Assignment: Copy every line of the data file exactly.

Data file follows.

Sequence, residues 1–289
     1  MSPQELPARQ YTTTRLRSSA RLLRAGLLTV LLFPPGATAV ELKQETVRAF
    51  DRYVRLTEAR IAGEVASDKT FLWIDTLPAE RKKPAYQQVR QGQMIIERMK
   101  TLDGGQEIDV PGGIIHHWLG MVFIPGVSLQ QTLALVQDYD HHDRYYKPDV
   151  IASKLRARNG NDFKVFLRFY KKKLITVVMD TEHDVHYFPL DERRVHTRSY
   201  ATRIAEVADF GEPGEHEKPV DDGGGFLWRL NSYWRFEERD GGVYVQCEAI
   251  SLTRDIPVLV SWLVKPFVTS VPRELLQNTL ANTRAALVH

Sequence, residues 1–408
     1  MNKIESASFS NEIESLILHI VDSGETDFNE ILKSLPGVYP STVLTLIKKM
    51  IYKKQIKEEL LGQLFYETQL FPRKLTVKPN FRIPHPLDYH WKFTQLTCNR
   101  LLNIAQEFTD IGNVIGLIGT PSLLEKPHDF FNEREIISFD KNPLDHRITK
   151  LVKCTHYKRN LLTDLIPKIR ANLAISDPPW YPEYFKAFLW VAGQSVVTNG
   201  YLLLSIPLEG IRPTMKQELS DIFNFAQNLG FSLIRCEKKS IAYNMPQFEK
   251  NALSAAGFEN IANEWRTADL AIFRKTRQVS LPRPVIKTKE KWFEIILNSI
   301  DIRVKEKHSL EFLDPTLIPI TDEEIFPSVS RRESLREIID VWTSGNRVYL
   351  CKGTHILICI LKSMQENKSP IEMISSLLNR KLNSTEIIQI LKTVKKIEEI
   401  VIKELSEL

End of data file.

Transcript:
Sequence, residues 1–289
     1  MSPQELPARQ YTTTRLRSSA RLLRAGLLTV LLFPPGATAV ELKQETVRAF
    51  DRYVRLTEAR IAGEVASDKT FLWIDTLPAE RKKPAYQQVR QGQMIIERMK
   101  TLDGGQEIDV PGGIIHHWLG MVFIPGVSLQ QTLALVQDYD HHDRYYKPDV
   151  IASKLRARNG NDFKVFLRFY KKKLITVVMD TEHDVHYFPL DERRVHTRSY
   201  ATRIAEVADF GEPGEHEKPV DDGGGFLWRL NSYWRFEERD GGVYVQCEAI
   251  SLTRDIPVLV SWLVKPFVTS VPRELLQNTL ANTRAALVH

Sequence, residues 1–408
     1  MNKIESASFS NEIESLILHI VDSGETDFNE ILKSLPGVYP STVLTLIKKM
    51  IYKKQIKEEL LGQLFYETQL FPRKLTVKPN FRIPHPLDYH WKFTQLTCNR
   101  LLNIAQEFTD IGNVIGLIGT PSLLEKPHDF FNEREIISFD KNPLDHRITK
   151  LVKCTHYKRN LLTDLIPKIR ANLAISDPPW YPEYFKAFLW VAGQSVVTNG
   201  YLLLSIPLEG IRPTMKQELS DIFNFAQNLG FSLIRCEKKS IAYNMPQFEK
   251  NALSAAGFEN IANEWRTADL AIFRKTRQVS LPRPVIKTKE KWFEIILNSI
   301  DIRVKEKHSL EFLDPTLIPI TDEEIFPSVS RRESLREIID VWTSGNRVYL
   351  CKGTHILICI LKSMQENKSP IEMISSLLNR KLNSTEIIQI LKTVKKIEEI
   401  VIKELSEL